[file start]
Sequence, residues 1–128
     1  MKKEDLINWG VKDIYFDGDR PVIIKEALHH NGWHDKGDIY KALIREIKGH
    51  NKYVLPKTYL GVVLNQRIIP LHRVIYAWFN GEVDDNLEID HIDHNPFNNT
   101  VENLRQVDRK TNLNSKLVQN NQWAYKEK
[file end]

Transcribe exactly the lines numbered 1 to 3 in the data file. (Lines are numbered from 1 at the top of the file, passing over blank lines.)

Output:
Sequence, residues 1–128
     1  MKKEDLINWG VKDIYFDGDR PVIIKEALHH NGWHDKGDIY KALIREIKGH
    51  NKYVLPKTYL GVVLNQRIIP LHRVIYAWFN GEVDDNLEID HIDHNPFNNT